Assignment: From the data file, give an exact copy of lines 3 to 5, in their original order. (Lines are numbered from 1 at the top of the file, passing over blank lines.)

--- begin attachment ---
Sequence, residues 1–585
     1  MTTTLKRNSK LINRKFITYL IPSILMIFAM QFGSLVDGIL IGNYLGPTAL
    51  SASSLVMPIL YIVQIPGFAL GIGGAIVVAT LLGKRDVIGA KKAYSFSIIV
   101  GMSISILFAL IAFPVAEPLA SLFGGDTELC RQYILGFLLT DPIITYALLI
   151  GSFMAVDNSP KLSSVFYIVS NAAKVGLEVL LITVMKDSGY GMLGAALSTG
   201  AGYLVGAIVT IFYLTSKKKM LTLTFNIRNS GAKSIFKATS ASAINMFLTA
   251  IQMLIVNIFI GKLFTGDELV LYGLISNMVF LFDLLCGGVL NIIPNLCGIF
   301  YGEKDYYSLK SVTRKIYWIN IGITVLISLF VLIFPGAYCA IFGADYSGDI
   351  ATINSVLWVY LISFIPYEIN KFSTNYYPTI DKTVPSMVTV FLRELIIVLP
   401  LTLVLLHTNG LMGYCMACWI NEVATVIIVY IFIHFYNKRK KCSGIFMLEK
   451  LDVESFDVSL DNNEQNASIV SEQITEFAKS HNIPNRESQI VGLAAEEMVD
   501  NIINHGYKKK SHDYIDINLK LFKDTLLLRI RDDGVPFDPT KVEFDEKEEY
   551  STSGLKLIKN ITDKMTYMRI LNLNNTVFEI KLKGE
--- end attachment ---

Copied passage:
    51  SASSLVMPIL YIVQIPGFAL GIGGAIVVAT LLGKRDVIGA KKAYSFSIIV
   101  GMSISILFAL IAFPVAEPLA SLFGGDTELC RQYILGFLLT DPIITYALLI
   151  GSFMAVDNSP KLSSVFYIVS NAAKVGLEVL LITVMKDSGY GMLGAALSTG